The workshop is designed to help you anticipate possible questions, review what you've learned, and begin putting your knowledge into practice.
What functions do you use to add library code to the currently running script?
What function do you use to find out whether a file is present on your filesystem?
How do you determine the size of a file?
What function do you use to open a file for reading or writing?
What function do you use to read a line of data from a file?
How can you tell when you've reached the end of a file?
What function do you use to write a line of data to a file?
How do you open a directory for reading?
What function do you use to read the name of a directory item after you've opened a directory for reading?
Which function is used to open a pipe to a process?
How can you read data from a process after you have opened a connection? What about writing data?
How can you escape user input to make it a little safer before passing it to a shell command?
You can use the require() or include() statement to incorporate PHP files into the current document. You could also use include_once() or require_once().
You can test for the existence of a file with the file_exists() function.
The filesize() function returns a file's size in bytes.
The fopen() function opens a file. It accepts the path to a file and a character representing the mode. It returns a file resource.
The fgets() function reads data up to the buffer size you pass it, the end of the line, or the end of the document, whichever comes first.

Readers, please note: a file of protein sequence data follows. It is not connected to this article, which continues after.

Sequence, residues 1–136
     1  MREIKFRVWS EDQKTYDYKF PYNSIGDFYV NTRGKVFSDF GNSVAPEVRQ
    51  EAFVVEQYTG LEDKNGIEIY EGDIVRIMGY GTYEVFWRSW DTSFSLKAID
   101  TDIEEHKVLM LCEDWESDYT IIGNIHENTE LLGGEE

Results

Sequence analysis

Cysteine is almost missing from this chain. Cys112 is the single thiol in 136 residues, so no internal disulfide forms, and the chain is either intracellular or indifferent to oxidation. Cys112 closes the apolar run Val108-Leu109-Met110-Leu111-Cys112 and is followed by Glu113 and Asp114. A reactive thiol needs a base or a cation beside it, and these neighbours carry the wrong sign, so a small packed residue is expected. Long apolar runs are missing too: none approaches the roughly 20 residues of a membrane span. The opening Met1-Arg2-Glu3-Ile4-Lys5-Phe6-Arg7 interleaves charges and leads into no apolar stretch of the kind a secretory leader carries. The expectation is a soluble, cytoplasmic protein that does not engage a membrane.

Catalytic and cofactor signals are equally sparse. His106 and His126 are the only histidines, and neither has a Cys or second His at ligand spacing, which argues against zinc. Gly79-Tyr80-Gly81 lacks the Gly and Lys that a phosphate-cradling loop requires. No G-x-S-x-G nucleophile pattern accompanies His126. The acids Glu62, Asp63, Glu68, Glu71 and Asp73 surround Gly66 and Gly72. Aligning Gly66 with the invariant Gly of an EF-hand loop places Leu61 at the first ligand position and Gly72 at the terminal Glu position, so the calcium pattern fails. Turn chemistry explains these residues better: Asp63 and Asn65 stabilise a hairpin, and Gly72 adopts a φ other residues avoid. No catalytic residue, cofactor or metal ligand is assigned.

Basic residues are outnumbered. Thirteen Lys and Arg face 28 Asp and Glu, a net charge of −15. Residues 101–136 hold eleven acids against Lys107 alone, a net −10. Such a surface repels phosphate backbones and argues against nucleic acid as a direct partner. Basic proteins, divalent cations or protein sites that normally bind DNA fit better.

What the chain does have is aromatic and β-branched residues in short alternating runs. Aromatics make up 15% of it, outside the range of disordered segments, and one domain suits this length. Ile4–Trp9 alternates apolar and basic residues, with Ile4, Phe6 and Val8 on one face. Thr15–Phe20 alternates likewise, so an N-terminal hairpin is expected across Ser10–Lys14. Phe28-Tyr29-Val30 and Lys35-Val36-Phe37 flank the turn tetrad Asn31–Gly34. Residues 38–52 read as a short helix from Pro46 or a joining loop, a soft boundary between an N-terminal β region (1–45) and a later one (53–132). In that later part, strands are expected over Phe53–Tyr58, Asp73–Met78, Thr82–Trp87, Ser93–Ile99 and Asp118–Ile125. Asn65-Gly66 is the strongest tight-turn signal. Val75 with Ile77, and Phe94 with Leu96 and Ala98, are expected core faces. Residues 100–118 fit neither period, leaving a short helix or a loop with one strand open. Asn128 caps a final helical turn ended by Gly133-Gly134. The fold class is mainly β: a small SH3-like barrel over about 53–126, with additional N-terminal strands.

The feof() function returns true. when the file resource it's passed reaches the end of the file.
You can write data to a file with the fputs() function.
The opendir() function enables you to open a directory for reading.
The readdir() function returns the name of a directory item from an opened directory.
The popen() function is used to open a pipe to a process.
You can read and write to and from a process just as you can with an open file, namely with feof() and fgets() for reading and fputs() for writing.
If user input is part of your shell command, you can use the escapeshellcmd() or escapeshellarg() function to properly escape it.
Create a form that accepts a user's first and second name. Create a script that saves this data to a file.
Create a script that reads the data file you created in the first activity. In addition to writing its contents to the browser (adding a <br/> tag to each line), print a summary that includes the number of lines in the file and the file's size.